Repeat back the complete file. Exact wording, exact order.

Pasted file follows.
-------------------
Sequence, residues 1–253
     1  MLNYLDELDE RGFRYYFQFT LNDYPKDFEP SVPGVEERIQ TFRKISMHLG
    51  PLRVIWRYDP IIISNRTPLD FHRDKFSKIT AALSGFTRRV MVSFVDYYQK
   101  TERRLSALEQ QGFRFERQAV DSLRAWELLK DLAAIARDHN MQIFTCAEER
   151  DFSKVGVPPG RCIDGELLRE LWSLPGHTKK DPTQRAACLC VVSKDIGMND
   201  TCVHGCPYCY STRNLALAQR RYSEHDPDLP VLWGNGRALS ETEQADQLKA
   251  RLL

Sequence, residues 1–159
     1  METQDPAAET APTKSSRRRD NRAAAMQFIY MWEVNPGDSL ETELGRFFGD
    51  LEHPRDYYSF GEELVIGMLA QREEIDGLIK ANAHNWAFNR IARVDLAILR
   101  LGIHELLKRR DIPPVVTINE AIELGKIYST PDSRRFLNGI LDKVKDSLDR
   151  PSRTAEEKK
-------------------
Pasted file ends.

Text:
Sequence, residues 1–253
     1  MLNYLDELDE RGFRYYFQFT LNDYPKDFEP SVPGVEERIQ TFRKISMHLG
    51  PLRVIWRYDP IIISNRTPLD FHRDKFSKIT AALSGFTRRV MVSFVDYYQK
   101  TERRLSALEQ QGFRFERQAV DSLRAWELLK DLAAIARDHN MQIFTCAEER
   151  DFSKVGVPPG RCIDGELLRE LWSLPGHTKK DPTQRAACLC VVSKDIGMND
   201  TCVHGCPYCY STRNLALAQR RYSEHDPDLP VLWGNGRALS ETEQADQLKA
   251  RLL

Sequence, residues 1–159
     1  METQDPAAET APTKSSRRRD NRAAAMQFIY MWEVNPGDSL ETELGRFFGD
    51  LEHPRDYYSF GEELVIGMLA QREEIDGLIK ANAHNWAFNR IARVDLAILR
   101  LGIHELLKRR DIPPVVTINE AIELGKIYST PDSRRFLNGI LDKVKDSLDR
   151  PSRTAEEKK